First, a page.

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Report: Ex-US Attorney General Eric Holder to lead Uber's sexual harassment probe

Former attorney general hired to investigate claims by former engineer at company

 

Uber hired former U.S. Attorney General Eric Holder to lead its review of a sexual harassment claim made by a female former engineer at the company who claims her career prospects suffered after she complained about advances from a manager.

Holder will investigate claims made by the woman and look at questions surrounding diversity and inclusion at the company, CEO Travis Kalanick told his employees in a memo on Monday, Reuters reported.

Holder will be joined by Tammy Albarran, a fellow partner at the Los-Angeles-based Covington & Burling law firm.

Holder worked for Airbnb last year to help create an anti-discrimination policy. The company had received complaints of discrimination based on race, gender and sexual orientation, Reuters reported.

Kalanick said in the memo that a few of the company's female staff will assist in the review,  including boardmember Arianna Huffington.

The harassment claims came to light Sunday when Susan Fowler Rigetti published a blog post titled “Reflecting on one very, very, strange year at Uber.”

She said in the post that she joined Uber as a site reliability engineer in November 2015 in San Francisco. On her first official day with the ride-sharing app, Rigetti says her boss propositioned her in a string of messages on the company chat. As it was “clearly out of line,” she took screen shots of the remarks and contacted the firm’s human resources department.

“When I reported the situation, I was told by both HR and upper management that even though this was clearly sexual harassment and he was propositioning me, it was this man's first offense, and that they wouldn't feel comfortable giving him anything other than a warning and a stern talking-to,” she wrote. “Upper management told me that he ‘was a high performer’ (i.e. had stellar performance reviews from his superiors) and they wouldn't feel comfortable punishing him for what was probably just an innocent mistake on his part.”

The manager is not named in the blog post.

Rigetti said that she left the team. But she said as she tried to progress in Uber, she found her way blocked. She alleged that sexism was rampant in the company, and that when she pointed that out at a company meeting, she was rebuffed.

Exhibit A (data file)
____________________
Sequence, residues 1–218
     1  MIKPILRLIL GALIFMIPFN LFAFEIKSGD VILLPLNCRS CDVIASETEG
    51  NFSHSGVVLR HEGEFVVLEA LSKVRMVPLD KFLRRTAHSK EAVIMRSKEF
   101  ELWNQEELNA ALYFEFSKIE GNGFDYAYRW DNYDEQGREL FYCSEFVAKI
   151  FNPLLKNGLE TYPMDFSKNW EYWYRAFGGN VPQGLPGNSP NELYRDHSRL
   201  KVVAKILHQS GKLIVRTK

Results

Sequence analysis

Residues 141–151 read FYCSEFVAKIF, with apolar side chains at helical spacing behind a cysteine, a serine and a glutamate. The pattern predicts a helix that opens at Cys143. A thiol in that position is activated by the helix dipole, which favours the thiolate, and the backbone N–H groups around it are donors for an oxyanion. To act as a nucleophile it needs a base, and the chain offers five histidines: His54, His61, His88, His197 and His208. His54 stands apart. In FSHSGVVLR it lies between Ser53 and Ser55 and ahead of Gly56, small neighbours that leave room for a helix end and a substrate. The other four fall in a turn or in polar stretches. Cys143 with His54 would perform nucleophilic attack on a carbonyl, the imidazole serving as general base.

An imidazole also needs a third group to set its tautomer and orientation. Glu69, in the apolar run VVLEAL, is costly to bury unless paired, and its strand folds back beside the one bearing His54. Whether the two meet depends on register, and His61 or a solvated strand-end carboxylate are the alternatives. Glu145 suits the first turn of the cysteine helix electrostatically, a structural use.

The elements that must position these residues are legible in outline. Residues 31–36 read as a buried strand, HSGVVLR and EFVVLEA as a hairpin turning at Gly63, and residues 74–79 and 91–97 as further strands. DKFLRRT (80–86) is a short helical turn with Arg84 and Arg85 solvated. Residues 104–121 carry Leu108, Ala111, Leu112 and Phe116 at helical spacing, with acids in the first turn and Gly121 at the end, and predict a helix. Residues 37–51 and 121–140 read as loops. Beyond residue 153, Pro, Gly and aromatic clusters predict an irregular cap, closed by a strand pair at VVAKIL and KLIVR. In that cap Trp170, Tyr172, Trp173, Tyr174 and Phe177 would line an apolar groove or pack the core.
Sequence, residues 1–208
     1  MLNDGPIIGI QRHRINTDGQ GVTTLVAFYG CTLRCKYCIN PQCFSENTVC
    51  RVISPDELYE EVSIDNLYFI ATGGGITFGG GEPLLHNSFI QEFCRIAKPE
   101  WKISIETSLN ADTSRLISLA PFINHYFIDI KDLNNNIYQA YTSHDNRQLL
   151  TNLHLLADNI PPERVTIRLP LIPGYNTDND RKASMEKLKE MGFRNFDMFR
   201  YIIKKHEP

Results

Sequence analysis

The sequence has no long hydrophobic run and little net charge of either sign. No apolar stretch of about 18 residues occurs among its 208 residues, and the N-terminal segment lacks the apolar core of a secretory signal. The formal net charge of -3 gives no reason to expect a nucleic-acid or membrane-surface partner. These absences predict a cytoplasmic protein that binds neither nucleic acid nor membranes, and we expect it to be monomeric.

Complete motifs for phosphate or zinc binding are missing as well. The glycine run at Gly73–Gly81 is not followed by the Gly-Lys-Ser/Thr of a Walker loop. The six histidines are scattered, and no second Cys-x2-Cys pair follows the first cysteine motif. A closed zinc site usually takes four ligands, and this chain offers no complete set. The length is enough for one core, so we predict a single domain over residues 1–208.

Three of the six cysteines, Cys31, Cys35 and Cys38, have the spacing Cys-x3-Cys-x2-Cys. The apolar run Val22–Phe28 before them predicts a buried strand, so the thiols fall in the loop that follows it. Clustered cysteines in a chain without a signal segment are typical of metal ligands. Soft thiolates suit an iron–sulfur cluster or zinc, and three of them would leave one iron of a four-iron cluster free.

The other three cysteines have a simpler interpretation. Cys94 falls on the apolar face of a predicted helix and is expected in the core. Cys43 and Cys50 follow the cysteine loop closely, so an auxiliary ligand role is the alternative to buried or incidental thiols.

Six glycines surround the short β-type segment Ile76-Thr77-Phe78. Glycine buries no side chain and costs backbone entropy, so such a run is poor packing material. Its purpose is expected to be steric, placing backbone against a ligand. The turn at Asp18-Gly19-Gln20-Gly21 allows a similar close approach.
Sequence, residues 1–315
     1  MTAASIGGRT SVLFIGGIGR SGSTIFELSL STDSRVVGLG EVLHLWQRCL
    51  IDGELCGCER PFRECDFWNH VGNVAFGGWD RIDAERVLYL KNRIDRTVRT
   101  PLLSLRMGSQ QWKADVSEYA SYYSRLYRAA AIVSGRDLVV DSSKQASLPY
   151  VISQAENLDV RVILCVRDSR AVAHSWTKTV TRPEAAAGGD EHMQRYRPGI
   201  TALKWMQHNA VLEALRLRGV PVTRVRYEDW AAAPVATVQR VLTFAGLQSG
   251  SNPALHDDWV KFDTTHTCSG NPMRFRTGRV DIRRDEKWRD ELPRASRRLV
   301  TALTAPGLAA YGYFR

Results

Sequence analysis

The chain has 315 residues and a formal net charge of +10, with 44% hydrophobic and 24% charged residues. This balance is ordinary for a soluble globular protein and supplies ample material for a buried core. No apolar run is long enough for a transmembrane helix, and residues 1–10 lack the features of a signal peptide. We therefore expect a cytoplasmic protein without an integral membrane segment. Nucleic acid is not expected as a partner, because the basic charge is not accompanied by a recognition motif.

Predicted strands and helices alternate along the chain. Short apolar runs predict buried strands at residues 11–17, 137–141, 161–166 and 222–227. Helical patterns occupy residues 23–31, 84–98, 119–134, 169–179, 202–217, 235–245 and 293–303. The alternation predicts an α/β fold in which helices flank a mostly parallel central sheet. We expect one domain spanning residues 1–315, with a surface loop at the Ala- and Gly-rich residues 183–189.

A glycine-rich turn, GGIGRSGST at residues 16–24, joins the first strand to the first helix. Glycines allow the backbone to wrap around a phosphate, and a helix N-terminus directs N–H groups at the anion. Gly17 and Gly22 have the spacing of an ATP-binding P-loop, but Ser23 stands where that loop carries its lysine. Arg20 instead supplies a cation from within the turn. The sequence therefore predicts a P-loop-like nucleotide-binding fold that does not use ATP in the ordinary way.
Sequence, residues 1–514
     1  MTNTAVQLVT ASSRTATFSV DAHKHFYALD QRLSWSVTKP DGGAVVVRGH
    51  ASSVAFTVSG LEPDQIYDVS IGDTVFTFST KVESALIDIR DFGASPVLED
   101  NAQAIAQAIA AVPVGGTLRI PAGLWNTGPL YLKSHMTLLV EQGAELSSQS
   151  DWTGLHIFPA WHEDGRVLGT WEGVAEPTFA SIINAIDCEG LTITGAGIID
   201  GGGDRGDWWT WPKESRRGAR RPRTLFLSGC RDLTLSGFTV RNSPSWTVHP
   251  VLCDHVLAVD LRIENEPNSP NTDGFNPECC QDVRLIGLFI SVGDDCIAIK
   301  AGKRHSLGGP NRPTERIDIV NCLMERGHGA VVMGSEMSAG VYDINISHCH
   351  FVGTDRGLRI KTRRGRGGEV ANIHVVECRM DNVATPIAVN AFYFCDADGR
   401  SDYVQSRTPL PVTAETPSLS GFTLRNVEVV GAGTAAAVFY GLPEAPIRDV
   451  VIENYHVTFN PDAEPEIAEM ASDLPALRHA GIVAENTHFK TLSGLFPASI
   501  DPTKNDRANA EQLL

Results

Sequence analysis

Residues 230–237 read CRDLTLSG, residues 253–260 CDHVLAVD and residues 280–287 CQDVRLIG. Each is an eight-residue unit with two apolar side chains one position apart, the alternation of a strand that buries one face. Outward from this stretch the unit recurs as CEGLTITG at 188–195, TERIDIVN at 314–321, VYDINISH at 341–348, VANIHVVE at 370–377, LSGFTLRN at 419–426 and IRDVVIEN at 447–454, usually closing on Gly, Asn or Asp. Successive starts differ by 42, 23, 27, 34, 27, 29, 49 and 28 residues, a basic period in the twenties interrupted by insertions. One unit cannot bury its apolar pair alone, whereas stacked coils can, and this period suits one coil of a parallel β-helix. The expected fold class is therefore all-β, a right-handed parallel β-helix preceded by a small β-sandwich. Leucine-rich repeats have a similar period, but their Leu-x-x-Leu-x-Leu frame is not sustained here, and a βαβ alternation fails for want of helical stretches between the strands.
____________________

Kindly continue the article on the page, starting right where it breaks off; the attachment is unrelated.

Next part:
Kalanick responded quickly to the claims. “What's described here is abhorrent & against everything we believe in,” he tweeted Sunday.  “Anyone who behaves this way or thinks this is OK will be fired.”

Rigetti left Uber in December, according to her blog post.

The engineer’s blog post also describes a bizarre alleged incident involving leather jackets. She said the director of engineering ordered leather jackets for the site's reliability engineers, but later decided it would only give the jackets to male engineers because there were too few women in the company to qualify for a bulk purchase discount.

"The director replied back, saying that if we women really wanted equality, then we should realize we were getting equality by not getting the leather jackets," she wrote. "He said that because there were so many men in the org, they had gotten a significant discount on the men's jackets but not on the women's jackets, and it wouldn't be equal or fair, he argued, to give the women leather jackets that cost a little more."

Fowler’s post sparked backlash against Uber with the social movement #DeleteUber, which called for users to delete the app off of their mobile devices.

Uber faced backlash last month after Uber allegedly turned on its surge pricing feature during the chaos at John F. Kennedy Airport involving President Trump’s travel ban.

The Associated Press contributed to this report.

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Ryan Gaydos is a news editor for Fox News. Follow Ryan on Twitter @Gaydosland.